Virtual Teams

Virtual Teams for Small Businesses: How to Assemble and Manage Them

Remote work has quickly become the new normal amidst COVID-19, and it’s probably not phasing out anytime soon. While remote work certainly has its drawbacks, many employees and employers have noted benefits such as improved work performance, work-life balance, and employee retention. Plus, many small businesses are actually saving money by allowing employees to work from home—including savings on taxes, food and beverages, rent and utilities, and cleaning service bills.

Whether you’re preparing to launch a home-based business or you’re ready to outsource some of your work to one or more remote employees or contractors, these tips from HBL Resources will help you to assemble, hire, and manage a remote team for long-term business success. 

Identify Your Hiring Needs

Before you can begin to interview and screen applicants, it’s important to identify your hiring needs. Are you looking to hire contractors or would regular employees be best for your company? Which types of projects and services do you need help with? 

Depending on your specific business needs, you may wish to recruit remote workers to help with things such as digital marketing, writing or blogging, and bookkeeping or accounting. Digital marketing services, for instance, are especially important if you’re running an online business—as these types of professionals can help you to reach your target audience through email newsletters, content and social media marketing, search engine optimization (SEO), and other highly effective marketing strategies. 

But whether you need email marketing services, customer support, or help with finance and accounting, online job platforms will connect you to the right candidates for the job. Before hiring a worker for your project, you can weigh freelancer reviews, rates, and estimated delivery times—and contact candidates directly through the job platform.

Interview and Screen Potential Candidates

Assembling a team of workers may seem daunting when you won’t be meeting each candidate in person, but there are several different ways to interview and screen your applicants before making an informed hiring decision. To conduct virtual job interviews, for instance, you can use video conferencing software such as Microsoft Teams, Google Meet, Zoom, or Skype for Business. Or as an alternative to conducting interviews, you could assess each candidate’s professional portfolio, administer online aptitude or psychometric tests, or assign test projects.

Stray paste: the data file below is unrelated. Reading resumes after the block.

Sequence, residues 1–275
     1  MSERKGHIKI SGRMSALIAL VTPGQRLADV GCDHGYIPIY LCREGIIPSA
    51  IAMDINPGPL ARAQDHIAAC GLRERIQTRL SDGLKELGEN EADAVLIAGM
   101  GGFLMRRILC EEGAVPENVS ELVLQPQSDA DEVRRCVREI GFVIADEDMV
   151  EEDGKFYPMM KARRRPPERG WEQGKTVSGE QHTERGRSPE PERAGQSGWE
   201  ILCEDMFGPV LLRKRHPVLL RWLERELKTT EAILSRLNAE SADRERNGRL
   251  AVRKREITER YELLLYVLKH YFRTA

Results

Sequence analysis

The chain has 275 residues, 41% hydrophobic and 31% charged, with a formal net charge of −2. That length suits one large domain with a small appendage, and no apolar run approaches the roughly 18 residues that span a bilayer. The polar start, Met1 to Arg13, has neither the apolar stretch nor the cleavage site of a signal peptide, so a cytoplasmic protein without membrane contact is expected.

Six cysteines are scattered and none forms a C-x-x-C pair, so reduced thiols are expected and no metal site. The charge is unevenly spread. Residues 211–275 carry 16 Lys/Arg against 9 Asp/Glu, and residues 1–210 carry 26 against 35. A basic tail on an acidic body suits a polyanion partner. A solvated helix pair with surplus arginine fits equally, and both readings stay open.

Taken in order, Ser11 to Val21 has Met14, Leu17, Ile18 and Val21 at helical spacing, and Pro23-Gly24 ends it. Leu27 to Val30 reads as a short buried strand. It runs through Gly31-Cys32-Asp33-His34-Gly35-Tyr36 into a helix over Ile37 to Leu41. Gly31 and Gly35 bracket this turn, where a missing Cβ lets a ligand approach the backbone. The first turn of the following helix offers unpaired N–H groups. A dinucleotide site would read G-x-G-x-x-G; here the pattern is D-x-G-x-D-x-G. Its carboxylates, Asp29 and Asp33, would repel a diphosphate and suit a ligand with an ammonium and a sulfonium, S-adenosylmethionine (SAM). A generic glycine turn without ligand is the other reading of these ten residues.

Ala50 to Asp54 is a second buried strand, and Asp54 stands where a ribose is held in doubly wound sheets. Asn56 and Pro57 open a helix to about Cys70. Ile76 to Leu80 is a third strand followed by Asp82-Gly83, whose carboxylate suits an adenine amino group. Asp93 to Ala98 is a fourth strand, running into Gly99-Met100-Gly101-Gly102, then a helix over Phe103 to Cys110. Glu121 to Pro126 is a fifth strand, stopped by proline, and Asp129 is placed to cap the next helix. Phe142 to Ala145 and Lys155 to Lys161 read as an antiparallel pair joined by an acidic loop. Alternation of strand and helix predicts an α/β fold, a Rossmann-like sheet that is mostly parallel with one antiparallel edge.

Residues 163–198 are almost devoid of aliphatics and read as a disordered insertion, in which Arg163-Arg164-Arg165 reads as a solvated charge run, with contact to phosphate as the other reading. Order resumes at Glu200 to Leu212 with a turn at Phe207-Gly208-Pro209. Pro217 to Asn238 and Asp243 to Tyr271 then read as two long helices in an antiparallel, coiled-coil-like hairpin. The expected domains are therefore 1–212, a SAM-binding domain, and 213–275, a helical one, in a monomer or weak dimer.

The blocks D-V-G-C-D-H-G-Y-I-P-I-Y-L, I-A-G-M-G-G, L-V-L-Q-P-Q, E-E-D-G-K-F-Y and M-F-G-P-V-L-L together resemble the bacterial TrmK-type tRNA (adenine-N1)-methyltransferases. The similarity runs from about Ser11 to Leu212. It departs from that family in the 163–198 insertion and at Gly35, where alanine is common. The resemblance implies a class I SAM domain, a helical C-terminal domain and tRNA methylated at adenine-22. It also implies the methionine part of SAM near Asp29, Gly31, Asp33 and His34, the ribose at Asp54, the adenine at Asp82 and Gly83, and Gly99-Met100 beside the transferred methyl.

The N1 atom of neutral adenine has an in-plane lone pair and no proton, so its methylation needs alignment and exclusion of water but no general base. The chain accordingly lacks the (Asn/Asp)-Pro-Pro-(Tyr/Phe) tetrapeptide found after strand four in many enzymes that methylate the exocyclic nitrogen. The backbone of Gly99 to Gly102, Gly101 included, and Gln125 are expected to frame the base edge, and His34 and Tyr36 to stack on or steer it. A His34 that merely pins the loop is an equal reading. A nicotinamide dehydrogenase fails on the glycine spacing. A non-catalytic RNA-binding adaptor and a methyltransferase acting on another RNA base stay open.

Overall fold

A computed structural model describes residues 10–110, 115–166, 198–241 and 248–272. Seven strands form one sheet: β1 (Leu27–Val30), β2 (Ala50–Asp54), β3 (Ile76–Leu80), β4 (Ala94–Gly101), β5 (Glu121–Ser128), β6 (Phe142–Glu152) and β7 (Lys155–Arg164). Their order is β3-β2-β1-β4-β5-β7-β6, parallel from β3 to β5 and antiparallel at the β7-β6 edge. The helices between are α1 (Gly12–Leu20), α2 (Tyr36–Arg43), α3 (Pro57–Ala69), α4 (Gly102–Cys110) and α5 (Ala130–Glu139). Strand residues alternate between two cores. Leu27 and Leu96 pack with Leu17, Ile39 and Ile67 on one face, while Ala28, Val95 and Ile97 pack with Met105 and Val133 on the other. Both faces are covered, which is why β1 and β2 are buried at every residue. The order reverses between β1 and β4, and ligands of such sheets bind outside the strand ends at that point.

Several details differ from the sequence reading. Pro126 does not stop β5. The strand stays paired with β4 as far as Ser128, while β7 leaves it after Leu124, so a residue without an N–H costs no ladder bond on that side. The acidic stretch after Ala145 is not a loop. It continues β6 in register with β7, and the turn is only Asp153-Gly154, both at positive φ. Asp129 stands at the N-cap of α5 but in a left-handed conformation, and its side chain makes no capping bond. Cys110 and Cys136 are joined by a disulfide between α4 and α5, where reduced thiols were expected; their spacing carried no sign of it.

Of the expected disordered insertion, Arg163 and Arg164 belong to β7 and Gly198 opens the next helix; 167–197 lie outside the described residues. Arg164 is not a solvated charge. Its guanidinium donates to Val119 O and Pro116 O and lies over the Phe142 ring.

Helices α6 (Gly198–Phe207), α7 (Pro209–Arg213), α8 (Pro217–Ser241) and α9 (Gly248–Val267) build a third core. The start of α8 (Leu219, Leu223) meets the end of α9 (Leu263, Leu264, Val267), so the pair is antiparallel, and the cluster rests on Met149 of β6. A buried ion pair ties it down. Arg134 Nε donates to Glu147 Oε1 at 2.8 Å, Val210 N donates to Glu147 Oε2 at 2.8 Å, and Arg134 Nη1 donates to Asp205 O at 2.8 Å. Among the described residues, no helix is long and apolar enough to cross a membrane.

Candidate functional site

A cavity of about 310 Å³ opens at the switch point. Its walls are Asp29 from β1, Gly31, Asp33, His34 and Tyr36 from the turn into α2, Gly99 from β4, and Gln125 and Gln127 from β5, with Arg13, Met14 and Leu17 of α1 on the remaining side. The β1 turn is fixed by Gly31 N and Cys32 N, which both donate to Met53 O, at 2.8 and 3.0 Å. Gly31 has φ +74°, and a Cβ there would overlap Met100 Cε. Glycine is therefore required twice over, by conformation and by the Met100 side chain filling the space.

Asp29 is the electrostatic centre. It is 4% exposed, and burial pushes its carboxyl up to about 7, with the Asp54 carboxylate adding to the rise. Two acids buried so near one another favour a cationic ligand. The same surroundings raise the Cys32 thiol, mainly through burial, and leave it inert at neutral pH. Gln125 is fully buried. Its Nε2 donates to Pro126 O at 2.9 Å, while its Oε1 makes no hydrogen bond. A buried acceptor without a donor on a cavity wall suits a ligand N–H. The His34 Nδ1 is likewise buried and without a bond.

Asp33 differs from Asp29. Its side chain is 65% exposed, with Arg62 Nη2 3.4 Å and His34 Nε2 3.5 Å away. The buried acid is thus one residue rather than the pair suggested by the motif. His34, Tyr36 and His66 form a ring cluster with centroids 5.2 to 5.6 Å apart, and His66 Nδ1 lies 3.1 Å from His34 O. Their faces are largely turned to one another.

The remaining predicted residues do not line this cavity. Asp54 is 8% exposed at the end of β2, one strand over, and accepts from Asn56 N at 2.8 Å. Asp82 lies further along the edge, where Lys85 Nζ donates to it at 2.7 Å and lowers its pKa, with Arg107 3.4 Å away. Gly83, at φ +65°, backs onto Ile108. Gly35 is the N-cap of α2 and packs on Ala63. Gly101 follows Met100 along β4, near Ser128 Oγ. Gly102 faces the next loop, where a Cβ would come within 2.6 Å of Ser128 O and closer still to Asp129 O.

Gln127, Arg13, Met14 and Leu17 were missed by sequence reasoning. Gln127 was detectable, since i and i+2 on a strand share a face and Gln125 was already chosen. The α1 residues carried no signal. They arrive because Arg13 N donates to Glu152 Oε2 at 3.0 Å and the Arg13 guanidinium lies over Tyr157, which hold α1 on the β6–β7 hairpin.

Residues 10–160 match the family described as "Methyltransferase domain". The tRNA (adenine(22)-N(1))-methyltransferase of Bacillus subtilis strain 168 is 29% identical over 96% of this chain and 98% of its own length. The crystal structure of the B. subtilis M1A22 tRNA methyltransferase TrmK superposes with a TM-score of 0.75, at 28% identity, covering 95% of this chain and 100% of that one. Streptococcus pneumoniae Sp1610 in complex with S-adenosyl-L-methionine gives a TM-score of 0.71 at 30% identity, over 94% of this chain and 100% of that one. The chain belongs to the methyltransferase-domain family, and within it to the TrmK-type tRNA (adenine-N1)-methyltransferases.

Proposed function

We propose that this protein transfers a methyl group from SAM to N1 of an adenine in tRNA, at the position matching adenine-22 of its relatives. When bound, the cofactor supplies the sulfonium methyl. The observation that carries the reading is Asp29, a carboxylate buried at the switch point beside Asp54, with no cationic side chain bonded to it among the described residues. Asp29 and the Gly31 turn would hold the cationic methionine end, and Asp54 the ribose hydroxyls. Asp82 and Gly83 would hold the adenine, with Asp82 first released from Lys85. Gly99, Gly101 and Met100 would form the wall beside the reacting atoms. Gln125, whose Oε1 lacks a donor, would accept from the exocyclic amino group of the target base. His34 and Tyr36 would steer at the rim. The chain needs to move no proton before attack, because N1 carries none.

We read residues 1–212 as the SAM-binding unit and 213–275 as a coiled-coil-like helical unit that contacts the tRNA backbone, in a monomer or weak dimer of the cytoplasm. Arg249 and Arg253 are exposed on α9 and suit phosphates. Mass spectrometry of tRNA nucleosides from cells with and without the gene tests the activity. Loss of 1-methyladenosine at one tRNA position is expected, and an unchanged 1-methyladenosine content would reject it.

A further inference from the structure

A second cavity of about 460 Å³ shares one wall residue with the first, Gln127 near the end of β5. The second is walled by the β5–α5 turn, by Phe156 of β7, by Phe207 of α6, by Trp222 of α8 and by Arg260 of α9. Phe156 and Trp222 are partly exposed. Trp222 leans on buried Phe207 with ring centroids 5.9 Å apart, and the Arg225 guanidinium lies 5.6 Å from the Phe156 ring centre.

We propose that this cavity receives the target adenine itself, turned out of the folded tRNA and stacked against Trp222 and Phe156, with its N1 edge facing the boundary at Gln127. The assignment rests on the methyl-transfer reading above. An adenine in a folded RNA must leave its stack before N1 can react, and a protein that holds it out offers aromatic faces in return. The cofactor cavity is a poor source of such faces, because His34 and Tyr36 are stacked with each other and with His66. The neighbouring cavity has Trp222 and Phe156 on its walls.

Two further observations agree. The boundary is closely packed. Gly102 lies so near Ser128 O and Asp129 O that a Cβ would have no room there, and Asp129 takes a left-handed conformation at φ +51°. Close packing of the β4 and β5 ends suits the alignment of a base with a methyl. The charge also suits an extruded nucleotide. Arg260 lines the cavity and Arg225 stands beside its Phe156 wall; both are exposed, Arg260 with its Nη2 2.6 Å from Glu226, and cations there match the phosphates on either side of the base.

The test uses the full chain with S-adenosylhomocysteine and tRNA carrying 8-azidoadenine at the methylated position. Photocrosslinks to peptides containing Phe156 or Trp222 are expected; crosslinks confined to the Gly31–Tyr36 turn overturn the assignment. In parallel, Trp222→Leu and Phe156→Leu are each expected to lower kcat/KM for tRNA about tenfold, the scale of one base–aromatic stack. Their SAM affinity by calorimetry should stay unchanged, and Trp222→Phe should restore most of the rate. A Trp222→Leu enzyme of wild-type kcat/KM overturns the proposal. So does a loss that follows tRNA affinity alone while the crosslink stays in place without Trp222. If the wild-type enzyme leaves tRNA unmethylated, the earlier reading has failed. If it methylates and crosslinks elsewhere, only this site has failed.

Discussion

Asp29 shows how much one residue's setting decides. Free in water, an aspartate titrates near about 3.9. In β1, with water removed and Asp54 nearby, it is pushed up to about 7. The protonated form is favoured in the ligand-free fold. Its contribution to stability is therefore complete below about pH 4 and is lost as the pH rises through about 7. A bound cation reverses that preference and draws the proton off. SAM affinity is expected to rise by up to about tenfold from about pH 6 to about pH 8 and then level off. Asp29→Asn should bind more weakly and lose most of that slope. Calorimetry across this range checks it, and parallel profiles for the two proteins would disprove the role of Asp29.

After finding qualified candidates, there are a couple of steps you can take to screen them before making any hiring decisions. Start by checking their professional references and conducting an employee background check. You’ll need to comply with the Fair Credit Reporting Act (FCRA) when conducting background checks, as well as your state’s background check laws. In some states, conditional job offers must be made before background checks may be ordered. Under state laws and the FCRA, other requirements may include:

  • Informing applicants of your intent to run an employment background check. 
  • Letting applicants know that the results of their background check may influence your decision to hire them.
  • Gathering information as far back as seven years. 

After you’ve made the decision to hire new employees or contractors, you’ll need to onboard them virtually. Fadeke Adegbuyi of Doist offers some tips on how to onboard virtual team members as successfully as possible. 

Manage Virtual Teams

Once you’ve assembled and onboarded your remote workers, a multitude of different tech tools can help you to manage your new team from afar. From video conferencing to online collaboration software to task management, these remote work technologies can help you to better manage, lead, communicate, and collaborate with your team. 

You should also make sure that you're tracking employees' time efficiently so that everyone is paid accurately and on time. With time tracking software, you can easily keep track of billable hours, and it’s a quick way for employees to note down their start and stop times. You can also set automatic clock-in and -out reminders for your employees and even sync the timesheet data with software that handles payroll and invoicing. You can also use a third-party app to authenticate bank account information for your employees. This will ensure they get paid promptly.

Managing a remote team takes some adjusting, but following these simple tips will help you recognize the particular strengths of each employee. As with most things, practice makes perfect. The more you can learn about interacting with and leading your virtual employees, the more successful your remote team will be. 

This article is brought to you by HBL Resources, providing Human Resource Consulting, On-site and Off-Site HR Administration Services and Leadership Development Training for individuals and organizations seeking ways to Improve Performance through Engagement. For more information, please contact us today!